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The Servant at Work, Opening the Doors of the Kingdom: Suffering, Dying, Rising Again
(chapter 19, verse 28 through chapter 24, verse 53)
Jesus arrives in Jerusalem
The triumphal entry
Luke chapter 19, verses 28-44
After Jesus had said this, he went on ahead, going up to Jerusalem. As he approached Bethphage and Bethany at the hill called the Mount of Olives, he sent two of his disciples, saying to them, “Go to the village ahead of you, and as you enter it, you will find a colt tied there, which no one has ever ridden. Untie it and bring it here. If anyone asks you, ‘Why are you untying it?’ tell him, ‘The Lord needs it.’”
Those who were sent ahead went and found it just as he had told them. As they were untying the colt, its owners asked them, “Why are you untying the colt?”
They replied, “The Lord needs it.”
They brought it to Jesus, threw their cloaks on the colt and put Jesus on it. As he went along, people spread their cloaks on the road.
When he came near the place where the road goes down the Mount of Olives, the whole crowd of disciples began joyfully to praise God in loud voices for all the miracles they had seen:
“Blessed is the king who comes in the name of the Lord!”
“Peace in heaven and glory in the highest!”
Some of the Pharisees in the crowd said to Jesus, “Teacher, rebuke your disciples!”
“I tell you,” he replied, “if they keep quiet, the stones will cry out.”
As he approached Jerusalem and saw the city, he wept over it and said, “If you, even you, had only known on this day what would bring you peace—but now it is hidden from your eyes. The days will come upon you when your enemies will build an embankment against you and encircle you and hem you in on every side. They will dash you to the ground, you and the children within your walls. They will not leave one stone on another, because you did not recognize the time of God’s coming to you.”
As one approaches Jerusalem from the east, the road crosses over the Mount of Olives, which rises some three hundred feet above the city. Bethphage was a small village on the Mount of Olives, but its exact site is uncertain. Bethany is located on the eastern slope of the mount about three miles from Jerusalem. This is the village in which Jesus’ friends Martha, Mary, and Lazarus lived. From John’s gospel we learn that Jesus spent some time in Bethany at the home of Mary and Martha. Only recently he had raised Lazarus from the dead (John chapters 11 and 12).
On the Sunday before the Passover festival, Jesus sets in motion an action that will result in a public demonstration in his behalf. He sends two disciples into Bethphage to bring him a colt on which no one has ever ridden. Perhaps Jesus had made a previous arrangement with the owners to use this colt when he needed it. The disciples bring the colt to Jesus and help him to mount.
The significance of what Jesus has done is immediately apparent to the people who are following. Jesus is consciously fulfilling the words of the prophet Zechariah: “Rejoice greatly, O Daughter of Zion! Shout, Daughter of Jerusalem! See, your king comes to you, righteous and having salvation, gentle and riding on a donkey, on a colt, the foal of a donkey” (Zechariah chapter 9, verse 9). Matthew and John quote this prophecy in telling the story of the triumphal entry into Jerusalem. The people spread cloaks on the road as a kind of royal carpet. John tells us that they carried palm branches (John chapter 12, verse 13), an action that gives this Sunday its special name in the Christian church year.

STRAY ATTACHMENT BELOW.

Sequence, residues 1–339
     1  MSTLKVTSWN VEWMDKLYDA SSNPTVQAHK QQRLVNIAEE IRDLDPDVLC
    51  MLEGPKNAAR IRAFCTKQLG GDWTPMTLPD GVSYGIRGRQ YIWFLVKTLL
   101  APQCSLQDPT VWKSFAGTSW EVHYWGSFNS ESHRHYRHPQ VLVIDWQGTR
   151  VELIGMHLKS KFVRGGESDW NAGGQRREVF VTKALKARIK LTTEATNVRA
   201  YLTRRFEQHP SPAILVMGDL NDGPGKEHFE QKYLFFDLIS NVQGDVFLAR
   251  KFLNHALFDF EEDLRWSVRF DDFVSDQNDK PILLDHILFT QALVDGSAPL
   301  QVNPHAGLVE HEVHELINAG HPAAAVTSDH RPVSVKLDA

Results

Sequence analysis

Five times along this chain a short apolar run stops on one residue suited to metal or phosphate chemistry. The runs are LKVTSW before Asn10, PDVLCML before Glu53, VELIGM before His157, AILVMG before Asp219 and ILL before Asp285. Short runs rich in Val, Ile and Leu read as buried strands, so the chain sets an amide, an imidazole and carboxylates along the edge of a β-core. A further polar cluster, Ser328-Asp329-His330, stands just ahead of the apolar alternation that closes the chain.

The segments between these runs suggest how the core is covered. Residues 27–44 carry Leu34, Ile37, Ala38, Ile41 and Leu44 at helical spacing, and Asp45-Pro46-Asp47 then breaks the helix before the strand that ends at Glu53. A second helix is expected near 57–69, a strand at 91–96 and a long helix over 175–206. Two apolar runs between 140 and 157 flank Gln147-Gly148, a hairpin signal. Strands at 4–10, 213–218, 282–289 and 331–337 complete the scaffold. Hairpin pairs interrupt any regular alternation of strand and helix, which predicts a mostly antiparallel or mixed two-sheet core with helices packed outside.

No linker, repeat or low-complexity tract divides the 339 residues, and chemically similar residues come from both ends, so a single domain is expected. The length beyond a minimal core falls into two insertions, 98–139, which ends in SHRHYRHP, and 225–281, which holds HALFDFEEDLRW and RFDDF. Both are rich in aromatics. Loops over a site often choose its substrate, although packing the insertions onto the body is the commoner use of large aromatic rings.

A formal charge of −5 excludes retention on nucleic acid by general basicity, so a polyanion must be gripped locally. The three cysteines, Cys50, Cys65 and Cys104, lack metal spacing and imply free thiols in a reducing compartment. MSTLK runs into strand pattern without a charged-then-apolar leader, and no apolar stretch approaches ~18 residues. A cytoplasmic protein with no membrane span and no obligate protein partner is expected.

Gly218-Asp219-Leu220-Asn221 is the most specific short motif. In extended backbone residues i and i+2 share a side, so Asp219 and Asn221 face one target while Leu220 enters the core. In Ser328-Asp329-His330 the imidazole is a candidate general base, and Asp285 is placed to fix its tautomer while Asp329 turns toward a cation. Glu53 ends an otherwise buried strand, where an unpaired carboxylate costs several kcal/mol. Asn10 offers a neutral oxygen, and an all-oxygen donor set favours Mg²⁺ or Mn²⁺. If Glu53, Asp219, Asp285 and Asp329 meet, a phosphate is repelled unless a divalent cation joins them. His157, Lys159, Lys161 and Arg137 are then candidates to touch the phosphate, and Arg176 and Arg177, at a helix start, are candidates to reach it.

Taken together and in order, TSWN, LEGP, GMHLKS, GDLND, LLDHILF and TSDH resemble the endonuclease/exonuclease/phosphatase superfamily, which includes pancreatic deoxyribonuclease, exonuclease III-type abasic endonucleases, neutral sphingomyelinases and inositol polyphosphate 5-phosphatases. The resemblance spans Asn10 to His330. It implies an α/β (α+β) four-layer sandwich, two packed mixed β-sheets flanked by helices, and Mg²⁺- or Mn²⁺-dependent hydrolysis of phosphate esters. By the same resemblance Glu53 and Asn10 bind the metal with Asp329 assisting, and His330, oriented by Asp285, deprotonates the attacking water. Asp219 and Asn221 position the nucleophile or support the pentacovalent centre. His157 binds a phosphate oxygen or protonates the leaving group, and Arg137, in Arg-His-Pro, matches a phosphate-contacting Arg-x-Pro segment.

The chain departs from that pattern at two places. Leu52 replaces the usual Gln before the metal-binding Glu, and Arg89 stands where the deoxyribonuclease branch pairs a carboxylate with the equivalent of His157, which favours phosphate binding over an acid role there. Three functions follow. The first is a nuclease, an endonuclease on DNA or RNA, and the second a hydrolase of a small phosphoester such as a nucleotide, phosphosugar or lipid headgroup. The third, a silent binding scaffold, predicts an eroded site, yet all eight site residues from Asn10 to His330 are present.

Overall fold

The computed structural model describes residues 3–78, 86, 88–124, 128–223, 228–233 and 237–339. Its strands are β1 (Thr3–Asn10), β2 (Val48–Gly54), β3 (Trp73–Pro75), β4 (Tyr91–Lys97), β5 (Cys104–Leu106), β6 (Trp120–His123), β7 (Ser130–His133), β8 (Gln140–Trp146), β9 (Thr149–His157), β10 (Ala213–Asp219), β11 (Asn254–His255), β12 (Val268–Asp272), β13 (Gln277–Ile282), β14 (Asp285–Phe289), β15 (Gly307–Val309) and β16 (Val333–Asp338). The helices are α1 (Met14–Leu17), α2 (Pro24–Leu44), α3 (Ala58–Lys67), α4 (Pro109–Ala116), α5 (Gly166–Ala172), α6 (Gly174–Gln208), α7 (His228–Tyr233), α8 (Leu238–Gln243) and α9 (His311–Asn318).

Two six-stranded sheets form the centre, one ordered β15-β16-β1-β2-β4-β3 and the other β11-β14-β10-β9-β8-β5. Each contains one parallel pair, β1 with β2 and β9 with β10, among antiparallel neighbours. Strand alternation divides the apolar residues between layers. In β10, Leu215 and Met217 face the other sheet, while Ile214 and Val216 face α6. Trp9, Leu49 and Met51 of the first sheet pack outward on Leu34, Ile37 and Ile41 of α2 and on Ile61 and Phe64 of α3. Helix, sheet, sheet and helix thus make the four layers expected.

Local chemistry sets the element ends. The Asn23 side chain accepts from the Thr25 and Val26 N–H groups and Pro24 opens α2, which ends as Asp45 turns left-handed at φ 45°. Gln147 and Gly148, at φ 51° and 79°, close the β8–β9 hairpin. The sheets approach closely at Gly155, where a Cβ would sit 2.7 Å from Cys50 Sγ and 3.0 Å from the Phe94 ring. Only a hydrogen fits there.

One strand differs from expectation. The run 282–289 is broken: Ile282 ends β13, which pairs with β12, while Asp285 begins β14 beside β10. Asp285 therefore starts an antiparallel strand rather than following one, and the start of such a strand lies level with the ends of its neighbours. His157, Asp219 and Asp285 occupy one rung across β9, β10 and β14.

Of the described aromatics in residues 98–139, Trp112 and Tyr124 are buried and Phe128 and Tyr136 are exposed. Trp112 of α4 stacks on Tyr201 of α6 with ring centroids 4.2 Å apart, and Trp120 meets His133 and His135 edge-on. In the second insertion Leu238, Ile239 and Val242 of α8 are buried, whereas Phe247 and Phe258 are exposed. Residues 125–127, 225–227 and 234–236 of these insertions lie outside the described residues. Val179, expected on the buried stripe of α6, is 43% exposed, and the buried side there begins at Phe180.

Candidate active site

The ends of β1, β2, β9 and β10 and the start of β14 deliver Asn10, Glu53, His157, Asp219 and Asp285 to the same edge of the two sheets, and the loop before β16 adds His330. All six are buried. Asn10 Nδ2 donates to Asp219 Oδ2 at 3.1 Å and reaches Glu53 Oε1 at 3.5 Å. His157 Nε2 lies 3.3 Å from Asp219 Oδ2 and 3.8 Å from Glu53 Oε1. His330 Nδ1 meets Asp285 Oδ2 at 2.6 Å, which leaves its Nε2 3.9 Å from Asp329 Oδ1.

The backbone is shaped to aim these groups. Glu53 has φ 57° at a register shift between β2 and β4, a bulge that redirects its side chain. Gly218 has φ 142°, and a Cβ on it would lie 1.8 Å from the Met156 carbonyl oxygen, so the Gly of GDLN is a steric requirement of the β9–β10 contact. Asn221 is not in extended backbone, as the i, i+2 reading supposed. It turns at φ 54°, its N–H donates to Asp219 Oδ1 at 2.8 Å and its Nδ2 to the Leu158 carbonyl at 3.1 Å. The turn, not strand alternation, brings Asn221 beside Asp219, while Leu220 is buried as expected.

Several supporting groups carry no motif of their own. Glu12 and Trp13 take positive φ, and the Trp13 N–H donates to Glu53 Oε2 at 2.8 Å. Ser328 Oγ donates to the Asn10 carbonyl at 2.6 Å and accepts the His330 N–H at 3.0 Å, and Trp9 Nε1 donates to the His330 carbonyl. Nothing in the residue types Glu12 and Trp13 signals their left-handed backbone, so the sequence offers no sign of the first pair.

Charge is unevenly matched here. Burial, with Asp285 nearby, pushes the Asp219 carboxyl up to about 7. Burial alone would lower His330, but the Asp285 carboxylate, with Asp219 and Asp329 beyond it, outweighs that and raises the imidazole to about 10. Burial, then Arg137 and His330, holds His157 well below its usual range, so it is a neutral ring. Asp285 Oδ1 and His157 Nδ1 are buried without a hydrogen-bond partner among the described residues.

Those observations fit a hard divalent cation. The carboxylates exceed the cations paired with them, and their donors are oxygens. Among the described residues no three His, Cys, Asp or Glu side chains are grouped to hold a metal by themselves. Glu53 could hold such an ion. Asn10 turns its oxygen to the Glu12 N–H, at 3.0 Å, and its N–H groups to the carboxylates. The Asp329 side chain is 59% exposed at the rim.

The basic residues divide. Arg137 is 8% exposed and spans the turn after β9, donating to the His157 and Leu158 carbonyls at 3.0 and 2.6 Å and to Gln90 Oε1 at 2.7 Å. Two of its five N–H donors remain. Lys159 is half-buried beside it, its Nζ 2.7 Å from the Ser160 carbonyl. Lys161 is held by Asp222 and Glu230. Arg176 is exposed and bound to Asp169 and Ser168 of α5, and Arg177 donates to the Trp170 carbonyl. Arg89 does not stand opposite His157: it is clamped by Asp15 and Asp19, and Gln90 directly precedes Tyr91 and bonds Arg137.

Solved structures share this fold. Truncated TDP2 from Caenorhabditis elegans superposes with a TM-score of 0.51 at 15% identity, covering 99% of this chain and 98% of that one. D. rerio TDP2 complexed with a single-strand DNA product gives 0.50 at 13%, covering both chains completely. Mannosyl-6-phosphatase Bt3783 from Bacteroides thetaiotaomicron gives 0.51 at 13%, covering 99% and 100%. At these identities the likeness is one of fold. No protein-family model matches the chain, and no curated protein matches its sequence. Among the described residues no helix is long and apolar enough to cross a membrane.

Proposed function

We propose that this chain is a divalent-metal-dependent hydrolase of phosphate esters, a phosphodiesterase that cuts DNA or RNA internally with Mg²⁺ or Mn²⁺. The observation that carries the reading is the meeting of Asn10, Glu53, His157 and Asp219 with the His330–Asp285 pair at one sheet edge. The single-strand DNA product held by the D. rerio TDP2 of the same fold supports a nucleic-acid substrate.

As the triumphal procession crosses over the ridge at the top of the Mount of Olives and begins the descent, the city of Jerusalem, with its beautiful temple, comes into full view. At last Jesus has reached the goal of his journey, which was first mentioned in chapter 9, verse 51. He comes not to establish an earthly kingdom; he comes not to bring this world to its end; rather, he is the King, the Messiah, who comes to die on the cross. With his death and resurrection, he will open the doors of the kingdom of God for all people.
As the royal procession moves forward, a whole crowd of disciples shouts in loud praise to God. Using words from Psalm 118, they honor this king who comes in the name of the Lord. The words of the people, “Peace in heaven and glory in the highest!” bear a resemblance to the song of the angels at the birth of Jesus (chapter 2, verse 14). Such talk is too much for the Pharisees. Luke mentions them for the last time in his gospel as they advise Jesus to silence his disciples. In answer Jesus says that if the people keep quiet, then the stones will cry out.
Then, suddenly, the shouts of the people are stilled; only the sobbing of Jesus is heard, weeping over the city of Jerusalem. Previously, Luke had recorded words of Jesus spoken in sorrow about this sacred city which refused his ministry (chapter 13, verses 34 and 35). Jesus was the bringer of peace, that peace of which the angels and the crowd of disciples had sung. But Jerusalem, like the Pharisees, was not looking for the peace that Jesus came to bring. As a result, they would experience not peace but dreadful war. The future is hidden to the inhabitants of this walled city, but Jesus knows what is to come.
The words of Jesus describe the Roman siege of Jerusalem that resulted in its capture in the year A.D. 70. Jesus’ words that “they will not leave one stone on another” are an echo of his statement to the Pharisees: if the people are quiet, the stones will speak. The people of Jerusalem were not ready to speak words of praise in honor of the coming King. Since they would not speak, the fallen stones will speak God’s word of judgment.
Jesus at the temple
Luke chapter 19, verses 45-48
Then he entered the temple area and began driving out those who were selling. “It is written,” he said to them, “‘My house will be a house of prayer’; but you have made it ‘a den of robbers.’”
Every day he was teaching at the temple. But the chief priests the teachers of the law and the leaders among the people were trying to kill him. Yet they could not find any way to do it, because all the people hung on his words.
When Jesus was 40 days old, Mary and Joseph had brought him to the temple to present him to the Lord (chapter 2, verse 22). At age 12 Jesus was found by his mother in the temple courts among the teachers, listening to them and asking them questions (chapter 2, verse 46). He told his mother that she should have known that he “had to be in my Father’s house” (verse 49).